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Gay Cavalier (1957)

Main image of Gay Cavalier (1957)
George King Productions for ITV, 13/5-13/8/1957
13 x 30 min episodes, black & white
DirectorsLance Comfort
 Terence Fisher
WritersJack Andrews
 Brock Williams
 Charlotte Hastings
 Gordon Wellesley

Cast: Christian Marquand (Captain Duval); Larry Burns (Dinny O'Toole); Ivan Craig (Major Mould); Sydney Bromley (Purdy); Joyce Linden (Katie)

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The exploits of legendary highwayman Claude Duval in Cromwell's England.

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Surprisingly, the English Civil War has inspired only a handful of films and a small number of television productions, the latter most often versions of Captain Frederick Marryat's children's classic The Children of the New Forest (BBC, 1955; 1964; 1977). Rather annoyingly, both big and small screen forms tend to portray the conflict from a Royalist perspective.

While the 1950s television costume adventure series abounded with pirates, knights and assorted period freedom-fighters, the figure of the colourful, folkloric highwayman was sorely missed - although a British pilot episode attempt was made with The Highwayman, starring Louis Hayward (ITV (London), tx. 14/6/1958).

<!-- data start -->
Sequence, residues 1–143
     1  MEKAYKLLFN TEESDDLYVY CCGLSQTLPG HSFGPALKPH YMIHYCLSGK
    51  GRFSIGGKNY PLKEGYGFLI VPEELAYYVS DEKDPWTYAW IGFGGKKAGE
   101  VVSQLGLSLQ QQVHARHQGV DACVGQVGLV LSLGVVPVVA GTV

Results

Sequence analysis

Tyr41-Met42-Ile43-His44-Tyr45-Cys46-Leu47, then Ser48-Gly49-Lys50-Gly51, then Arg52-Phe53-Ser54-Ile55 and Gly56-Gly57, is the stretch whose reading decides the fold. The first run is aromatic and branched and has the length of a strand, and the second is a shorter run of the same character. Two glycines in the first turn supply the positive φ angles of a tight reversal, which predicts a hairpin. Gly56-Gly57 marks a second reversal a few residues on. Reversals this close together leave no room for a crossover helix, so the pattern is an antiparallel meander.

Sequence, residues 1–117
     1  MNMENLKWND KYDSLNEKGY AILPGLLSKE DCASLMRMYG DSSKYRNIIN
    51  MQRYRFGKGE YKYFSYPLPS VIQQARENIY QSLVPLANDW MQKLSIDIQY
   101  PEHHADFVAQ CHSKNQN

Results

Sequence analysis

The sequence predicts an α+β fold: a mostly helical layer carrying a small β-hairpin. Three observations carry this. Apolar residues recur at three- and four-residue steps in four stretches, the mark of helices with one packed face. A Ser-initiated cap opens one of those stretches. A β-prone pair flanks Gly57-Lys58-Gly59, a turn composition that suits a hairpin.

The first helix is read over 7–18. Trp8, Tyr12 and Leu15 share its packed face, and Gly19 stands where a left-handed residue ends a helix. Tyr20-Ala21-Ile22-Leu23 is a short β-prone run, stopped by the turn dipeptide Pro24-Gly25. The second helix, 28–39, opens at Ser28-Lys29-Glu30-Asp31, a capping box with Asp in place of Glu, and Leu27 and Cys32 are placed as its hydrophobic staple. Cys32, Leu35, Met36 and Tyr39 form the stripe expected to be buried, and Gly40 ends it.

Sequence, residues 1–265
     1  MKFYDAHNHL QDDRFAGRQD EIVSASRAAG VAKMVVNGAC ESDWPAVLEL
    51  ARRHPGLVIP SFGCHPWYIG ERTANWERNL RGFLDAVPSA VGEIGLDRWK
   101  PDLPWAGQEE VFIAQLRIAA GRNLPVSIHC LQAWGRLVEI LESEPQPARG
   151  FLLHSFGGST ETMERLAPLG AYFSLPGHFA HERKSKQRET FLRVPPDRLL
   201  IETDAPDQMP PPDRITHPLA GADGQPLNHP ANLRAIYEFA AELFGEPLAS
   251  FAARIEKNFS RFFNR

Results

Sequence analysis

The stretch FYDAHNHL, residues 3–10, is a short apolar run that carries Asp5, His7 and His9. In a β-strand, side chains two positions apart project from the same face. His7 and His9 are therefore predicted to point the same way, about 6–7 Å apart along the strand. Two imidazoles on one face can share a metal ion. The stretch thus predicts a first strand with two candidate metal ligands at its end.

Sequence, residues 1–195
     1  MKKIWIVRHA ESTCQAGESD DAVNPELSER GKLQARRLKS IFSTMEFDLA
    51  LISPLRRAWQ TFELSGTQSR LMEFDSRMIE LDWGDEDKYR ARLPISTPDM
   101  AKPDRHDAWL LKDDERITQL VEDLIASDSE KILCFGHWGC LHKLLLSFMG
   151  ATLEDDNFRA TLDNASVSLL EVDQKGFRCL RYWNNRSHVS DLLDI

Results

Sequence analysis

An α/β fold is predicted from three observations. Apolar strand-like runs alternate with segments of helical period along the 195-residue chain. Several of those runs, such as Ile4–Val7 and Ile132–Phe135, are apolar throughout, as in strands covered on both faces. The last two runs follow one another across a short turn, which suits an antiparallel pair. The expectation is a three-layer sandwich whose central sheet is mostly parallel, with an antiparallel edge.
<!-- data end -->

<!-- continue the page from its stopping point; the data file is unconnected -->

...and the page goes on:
In late 1956, veteran film director-producer George King, remembered now chiefly for his vigorous melodramas with Tod Slaughter (e.g. Sweeney Todd the Demon Barber of Fleet Street, 1935; Crimes at the Dark House, 1940), noted the increasing popularity of the swashbuckler trend and entered television production with the Civil War-era escapades of the Gay Cavalier.

The series' hero, Captain Claude Duval, was based on a real-life highwayman (1643-1670) whose exploits, embellished in contemporary popular literature, made him second only to Dick Turpin in the public's imagination. In 1953 the British comic paper Comet reintroduced the character, now as a gallant Frenchman who had become a Royalist captain during the war and afterwards served as an agent working for the exiled Charles II.

So popular was Duval as a comic strip hero (the serial strips ran until 1959) that astute producer King quickly began adapting the stories into a TV series. He cast French actor Christian Marquand as the dashing Duval, and Ivan Craig as his sinister Roundhead adversary Major Mould, chief of Cromwell's intelligence service (the latter character also a cross-over from the pictorial strip).

While little seems to be known about this apparently 'lost' series - with no record or trace of existing prints (so far) - available information suggests that its horse-and-rapier, chase-and-rescue format differed little from contemporary swashbucklers.

Terence Fisher, no stranger to small-screen swordplay with his body of work for Sapphire's The Adventures of Robin Hood (ITV, 1955-59), and Lance Comfort, who previously toiled on The Count of Monte Cristo series (ITV, 1956), were the alternating directors of this yet-to-be-proved intriguing swashbuckler.

Tise Vahimagi

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